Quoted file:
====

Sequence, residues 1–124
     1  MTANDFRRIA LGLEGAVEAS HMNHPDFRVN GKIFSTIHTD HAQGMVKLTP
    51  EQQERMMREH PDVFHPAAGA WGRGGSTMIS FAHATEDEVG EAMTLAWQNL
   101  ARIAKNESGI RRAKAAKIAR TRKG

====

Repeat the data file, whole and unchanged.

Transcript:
Sequence, residues 1–124
     1  MTANDFRRIA LGLEGAVEAS HMNHPDFRVN GKIFSTIHTD HAQGMVKLTP
    51  EQQERMMREH PDVFHPAAGA WGRGGSTMIS FAHATEDEVG EAMTLAWQNL
   101  ARIAKNESGI RRAKAAKIAR TRKG